Local view: Preserve their legacies by honoring our veteran pilots
My love of all things aviation probably started in the womb. I was born on the Marine base at Camp Pendleton in California, was brought into the world by a Navy lieutenant and grew up with a daily parade of the world's finest right outside my fro...
My love of all things aviation probably started in the womb. I was born on the Marine base at Camp Pendleton in California, was brought into the world by a Navy lieutenant and grew up with a daily parade of the world's finest right outside my front door. I was steeped in tales of Jimmy Doolittle Air Raiders, who proved that the impossible was always possible. And it didn't hurt that superstars like Neil Armstrong and Buzz Aldren were all over television.
I was keenly aware that the aircraft were the tools, and the skill of the pilots created the heroes. And I wasn't alone. It's a badge of strength to be a pilot. But it's equally important to remember their sacrifices and honor their stories.
The company I work for, Thomson Reuters, believes that, too.
There are many brave Minnesotans who represent these heroes, one of whom is retired Army Air Corps/U.S. Air Force Maj. Joe Gomer. A Duluthian who served our nation as one of the Tuskegee Airmen, the nation's first black fighter pilots during World War II, Maj. Gomer helped end segregation in the Armed Forces. He's the last living Tuskegee pilot in Minnesota, and the Duluth community is stepping up to ensure his contributions to our country's history are preserved.
His 92nd birthday is approaching, and on Wednesday the Northland Veterans Service Committee, with support from Thomson Reuters and many others, will ensure his legacy through a commemorative bronze statue to be placed in the Duluth airport.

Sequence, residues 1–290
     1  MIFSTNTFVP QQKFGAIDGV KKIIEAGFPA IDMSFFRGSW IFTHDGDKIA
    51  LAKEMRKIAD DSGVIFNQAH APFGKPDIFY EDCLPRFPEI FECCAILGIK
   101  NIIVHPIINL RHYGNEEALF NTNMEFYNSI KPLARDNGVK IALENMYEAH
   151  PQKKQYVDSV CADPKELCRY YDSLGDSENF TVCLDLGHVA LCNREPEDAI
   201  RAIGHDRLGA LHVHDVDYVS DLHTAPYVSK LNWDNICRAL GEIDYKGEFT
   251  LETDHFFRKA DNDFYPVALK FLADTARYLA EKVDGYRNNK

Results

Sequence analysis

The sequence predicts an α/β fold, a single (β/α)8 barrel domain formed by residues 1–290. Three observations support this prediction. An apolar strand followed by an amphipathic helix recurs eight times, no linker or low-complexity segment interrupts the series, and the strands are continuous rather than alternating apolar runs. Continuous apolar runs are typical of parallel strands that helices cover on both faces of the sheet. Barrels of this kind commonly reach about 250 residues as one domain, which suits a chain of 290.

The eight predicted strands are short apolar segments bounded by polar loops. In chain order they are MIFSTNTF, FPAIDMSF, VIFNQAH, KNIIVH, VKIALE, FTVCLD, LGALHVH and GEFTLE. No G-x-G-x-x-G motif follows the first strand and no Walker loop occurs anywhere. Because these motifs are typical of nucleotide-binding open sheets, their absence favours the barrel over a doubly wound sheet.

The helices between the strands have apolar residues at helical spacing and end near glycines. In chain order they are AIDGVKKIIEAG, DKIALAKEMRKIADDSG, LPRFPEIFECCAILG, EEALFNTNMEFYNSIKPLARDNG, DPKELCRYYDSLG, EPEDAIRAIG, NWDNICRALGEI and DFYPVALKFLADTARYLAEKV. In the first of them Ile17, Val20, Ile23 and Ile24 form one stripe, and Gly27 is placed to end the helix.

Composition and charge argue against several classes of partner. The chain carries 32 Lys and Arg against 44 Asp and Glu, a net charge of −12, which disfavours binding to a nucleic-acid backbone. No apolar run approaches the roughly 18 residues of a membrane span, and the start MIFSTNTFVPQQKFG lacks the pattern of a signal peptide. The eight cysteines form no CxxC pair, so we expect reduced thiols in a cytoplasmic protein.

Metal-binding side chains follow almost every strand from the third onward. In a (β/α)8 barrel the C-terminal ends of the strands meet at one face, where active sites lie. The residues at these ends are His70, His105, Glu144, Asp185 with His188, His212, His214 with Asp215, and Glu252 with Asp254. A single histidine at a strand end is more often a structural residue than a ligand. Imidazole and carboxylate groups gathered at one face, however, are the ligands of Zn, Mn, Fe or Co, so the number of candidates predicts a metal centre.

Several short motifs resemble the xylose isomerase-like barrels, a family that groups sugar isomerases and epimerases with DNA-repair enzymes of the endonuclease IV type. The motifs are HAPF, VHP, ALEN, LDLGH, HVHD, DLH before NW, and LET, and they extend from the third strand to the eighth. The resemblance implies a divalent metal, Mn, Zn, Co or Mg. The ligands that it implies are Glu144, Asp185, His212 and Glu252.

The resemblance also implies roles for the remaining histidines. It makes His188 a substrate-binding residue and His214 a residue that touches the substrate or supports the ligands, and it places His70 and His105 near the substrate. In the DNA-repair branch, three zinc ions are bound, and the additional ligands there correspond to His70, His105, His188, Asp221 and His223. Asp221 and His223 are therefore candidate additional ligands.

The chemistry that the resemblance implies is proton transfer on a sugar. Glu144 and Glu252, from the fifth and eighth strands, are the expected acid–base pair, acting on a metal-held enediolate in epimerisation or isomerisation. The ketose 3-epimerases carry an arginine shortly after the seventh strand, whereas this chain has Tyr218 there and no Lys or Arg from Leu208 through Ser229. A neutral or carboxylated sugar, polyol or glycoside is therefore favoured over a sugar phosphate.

The unveiling of the Maj. Gomer statue is one opportunity for the public to show its appreciation for our veterans. Additional ways to recognize, reflect on and understand the experiences of our veteran airmen in tangible ways exist in communities across the state, particularly next month surrounding Independence Day when we come together to celebrate our freedoms.
Maj. Gomer is a regular, VIP attendee of the annual Wings of the North AirExpo, taking place this year on July 14-15 at Flying Cloud Airport in Eden Prairie, Minn. Talk about a convergence of all-stars. AirExpo brings together the public and veterans from World War II through today, including Maj. Gomer, to celebrate our aviation history. The event features many of our nation's most popular and historical aircraft, including one of the aircraft flown by Maj. Gomer during his service, the legendary P-51 Mustang. AirExpo offers the public the chance to see these aircraft fly in formation and to climb into the cockpit or passenger area of some of the aircraft and experience firsthand where so many brave men and women spent some of the most intense, fear-filled moments of their lives. Meanwhile, the veterans who personally piloted the aircrafts are close by, eager to recount their combat stories and to help attendees picture these airplanes in action.
It's incredibly satisfying when the company you work for shares the respect and consideration for our nation's heroes. I'm pleased to be a part of such a wonderful event and grateful to be a part of the effort to build a statue in honor of Joe Gomer.
As a recognized Yellow Ribbon Company, Thomson Reuters' contributions stem from a company-wide commitment to servicemen and women and their families and a firm belief that their stories need to be remembered, honored and carried forward.
I encourage all aviation enthusiasts, veterans, individuals and families across the state to seek out and participate in activities to recognize our servicemen and women, like the unveiling of the Joe Gomer statue on Wednesday and the AirExpo. Together, through participation in important events like these, we can keep the legacies of our veterans alive.
Rick King is chief operating officer of technology for Thomson Reuters in Minneapolis.